With international markets trading at a discount to the U.S. stock market, the chief investment officer of BMO Private Bank told CNBC that he's watching for a signal that it's time to bail on the domestic market.
The bank has been "tiptoeing" into international stocks, but is still overweight U.S. equities.
"I want to see if momentum here slows down a little bit. That's going to be the indicator that we're going to want to move away from the U.S. and go into these cheaper markets that appear to be moving in the right direction," Jack Ablin said in an interview on Thursday with "Power Lunch."
Specifically, he's looking for anything related to the 200-day moving average.
The moving average is moving at an annualized rate of 13-14 percent each year, he explained.
"If the market doesn't continue to move in a 13 to 14 percent annual return pattern, it's going to eventually cross, and when the cross gets close that's the signal things are slowing down and it's probably time to move on," said Ablin.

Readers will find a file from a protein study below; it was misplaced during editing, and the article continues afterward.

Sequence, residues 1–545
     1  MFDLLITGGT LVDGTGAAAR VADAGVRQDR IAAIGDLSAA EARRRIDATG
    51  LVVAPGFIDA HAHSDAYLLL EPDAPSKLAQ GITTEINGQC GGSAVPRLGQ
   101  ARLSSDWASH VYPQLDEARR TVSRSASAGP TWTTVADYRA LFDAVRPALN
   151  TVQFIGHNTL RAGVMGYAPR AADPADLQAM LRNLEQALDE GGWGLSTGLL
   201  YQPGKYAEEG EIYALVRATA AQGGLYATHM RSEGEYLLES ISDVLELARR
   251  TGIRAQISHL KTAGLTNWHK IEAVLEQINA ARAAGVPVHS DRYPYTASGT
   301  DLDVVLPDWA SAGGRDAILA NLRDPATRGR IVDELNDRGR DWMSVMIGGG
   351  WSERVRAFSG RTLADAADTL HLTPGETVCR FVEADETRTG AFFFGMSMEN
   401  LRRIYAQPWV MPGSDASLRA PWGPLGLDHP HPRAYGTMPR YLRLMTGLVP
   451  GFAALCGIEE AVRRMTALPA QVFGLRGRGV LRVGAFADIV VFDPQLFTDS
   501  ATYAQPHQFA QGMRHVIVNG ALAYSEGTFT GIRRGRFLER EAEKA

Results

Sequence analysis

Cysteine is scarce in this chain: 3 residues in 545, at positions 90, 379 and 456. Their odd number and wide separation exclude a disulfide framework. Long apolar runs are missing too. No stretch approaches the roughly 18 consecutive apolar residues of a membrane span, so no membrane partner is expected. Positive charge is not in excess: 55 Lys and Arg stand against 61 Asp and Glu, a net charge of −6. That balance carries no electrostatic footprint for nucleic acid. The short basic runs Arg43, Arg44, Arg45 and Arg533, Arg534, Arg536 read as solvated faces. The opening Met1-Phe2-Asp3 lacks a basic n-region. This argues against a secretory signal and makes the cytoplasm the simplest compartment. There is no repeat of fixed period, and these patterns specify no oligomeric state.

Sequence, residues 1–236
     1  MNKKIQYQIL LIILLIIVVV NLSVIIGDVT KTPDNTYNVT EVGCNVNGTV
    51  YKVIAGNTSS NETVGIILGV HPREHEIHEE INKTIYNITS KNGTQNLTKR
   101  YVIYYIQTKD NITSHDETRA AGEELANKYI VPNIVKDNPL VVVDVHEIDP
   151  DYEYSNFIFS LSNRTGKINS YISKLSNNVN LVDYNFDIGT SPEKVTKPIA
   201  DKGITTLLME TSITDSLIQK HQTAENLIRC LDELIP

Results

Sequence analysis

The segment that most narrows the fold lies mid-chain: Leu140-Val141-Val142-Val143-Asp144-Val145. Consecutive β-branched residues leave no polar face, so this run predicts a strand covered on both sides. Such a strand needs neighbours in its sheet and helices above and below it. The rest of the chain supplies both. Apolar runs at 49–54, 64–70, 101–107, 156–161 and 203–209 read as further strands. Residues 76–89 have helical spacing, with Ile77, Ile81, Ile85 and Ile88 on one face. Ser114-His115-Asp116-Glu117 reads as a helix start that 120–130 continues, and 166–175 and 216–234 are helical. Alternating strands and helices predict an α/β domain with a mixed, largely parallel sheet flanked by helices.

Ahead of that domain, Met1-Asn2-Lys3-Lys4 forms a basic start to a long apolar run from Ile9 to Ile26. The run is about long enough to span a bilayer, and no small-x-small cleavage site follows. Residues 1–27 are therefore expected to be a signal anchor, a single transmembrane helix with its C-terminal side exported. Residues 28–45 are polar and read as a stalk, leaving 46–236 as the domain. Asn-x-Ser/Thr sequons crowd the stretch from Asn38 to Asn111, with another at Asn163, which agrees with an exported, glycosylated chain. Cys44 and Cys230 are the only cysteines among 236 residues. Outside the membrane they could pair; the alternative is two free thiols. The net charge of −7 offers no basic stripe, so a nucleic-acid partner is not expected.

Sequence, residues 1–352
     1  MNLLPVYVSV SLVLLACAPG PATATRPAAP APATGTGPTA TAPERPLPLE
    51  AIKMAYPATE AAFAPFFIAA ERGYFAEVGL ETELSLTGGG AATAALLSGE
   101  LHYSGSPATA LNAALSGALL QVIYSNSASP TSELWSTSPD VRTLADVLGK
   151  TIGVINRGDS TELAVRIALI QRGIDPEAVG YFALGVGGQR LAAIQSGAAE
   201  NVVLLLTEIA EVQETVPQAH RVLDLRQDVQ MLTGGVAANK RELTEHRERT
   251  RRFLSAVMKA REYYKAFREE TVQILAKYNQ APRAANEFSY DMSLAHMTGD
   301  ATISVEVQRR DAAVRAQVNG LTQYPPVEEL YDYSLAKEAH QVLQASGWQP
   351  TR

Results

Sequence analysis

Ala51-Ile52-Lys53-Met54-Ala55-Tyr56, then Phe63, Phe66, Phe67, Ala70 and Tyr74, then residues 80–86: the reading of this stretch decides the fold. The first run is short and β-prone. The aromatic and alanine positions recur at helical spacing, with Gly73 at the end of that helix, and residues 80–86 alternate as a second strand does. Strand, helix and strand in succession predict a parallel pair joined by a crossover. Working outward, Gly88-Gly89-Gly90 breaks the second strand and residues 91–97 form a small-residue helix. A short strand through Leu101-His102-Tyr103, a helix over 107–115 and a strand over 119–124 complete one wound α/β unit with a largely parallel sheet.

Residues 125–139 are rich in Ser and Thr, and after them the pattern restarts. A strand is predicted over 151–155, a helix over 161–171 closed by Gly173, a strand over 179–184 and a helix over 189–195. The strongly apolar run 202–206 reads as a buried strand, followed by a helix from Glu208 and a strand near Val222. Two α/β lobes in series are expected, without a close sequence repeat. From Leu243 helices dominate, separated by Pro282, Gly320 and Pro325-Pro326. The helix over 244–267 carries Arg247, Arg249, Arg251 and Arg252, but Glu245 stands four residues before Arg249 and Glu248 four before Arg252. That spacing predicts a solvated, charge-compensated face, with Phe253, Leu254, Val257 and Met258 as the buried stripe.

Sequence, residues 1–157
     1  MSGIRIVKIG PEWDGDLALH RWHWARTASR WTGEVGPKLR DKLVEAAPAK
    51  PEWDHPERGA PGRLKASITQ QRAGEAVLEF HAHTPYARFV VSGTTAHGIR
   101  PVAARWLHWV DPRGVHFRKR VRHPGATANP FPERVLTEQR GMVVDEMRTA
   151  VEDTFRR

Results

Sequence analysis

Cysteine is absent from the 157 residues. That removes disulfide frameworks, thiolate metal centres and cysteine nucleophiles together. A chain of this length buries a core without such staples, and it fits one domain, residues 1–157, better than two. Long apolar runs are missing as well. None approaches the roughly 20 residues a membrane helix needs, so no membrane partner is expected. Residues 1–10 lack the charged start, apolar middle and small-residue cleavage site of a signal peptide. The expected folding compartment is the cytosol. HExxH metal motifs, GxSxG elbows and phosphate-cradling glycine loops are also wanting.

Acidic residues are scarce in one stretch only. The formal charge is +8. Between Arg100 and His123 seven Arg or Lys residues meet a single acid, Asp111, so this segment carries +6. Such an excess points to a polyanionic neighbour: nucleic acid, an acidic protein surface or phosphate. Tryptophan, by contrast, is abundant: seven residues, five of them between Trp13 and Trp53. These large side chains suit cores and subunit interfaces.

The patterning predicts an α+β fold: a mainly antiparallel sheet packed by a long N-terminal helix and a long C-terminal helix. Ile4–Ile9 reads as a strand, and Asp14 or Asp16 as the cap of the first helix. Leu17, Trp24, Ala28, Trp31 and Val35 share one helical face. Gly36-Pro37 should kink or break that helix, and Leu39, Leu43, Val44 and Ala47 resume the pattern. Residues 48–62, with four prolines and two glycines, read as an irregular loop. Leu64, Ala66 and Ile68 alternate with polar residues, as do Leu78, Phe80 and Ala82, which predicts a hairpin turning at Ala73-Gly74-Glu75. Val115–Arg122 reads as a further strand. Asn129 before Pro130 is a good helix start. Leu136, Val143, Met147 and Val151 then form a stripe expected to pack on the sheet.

That said, "I'm still enjoying the U.S.," which has been a great story, he said. In fact, he thinks Wal-Mart's move to boost its employees' pay will spur a little inflation. That, combined with other wage news, could be a strong signal for the United States.
He's also unconcerned about being late getting into international markets, which he said are trading at about a 30 percent discount to the U.S. Emerging markets are trading at a 50 percent discount, he noted.
"This is probably a three-year trade," Ablin said. "I'm willing to leave a little incremental return on the table to prove that we've gotten the traction there."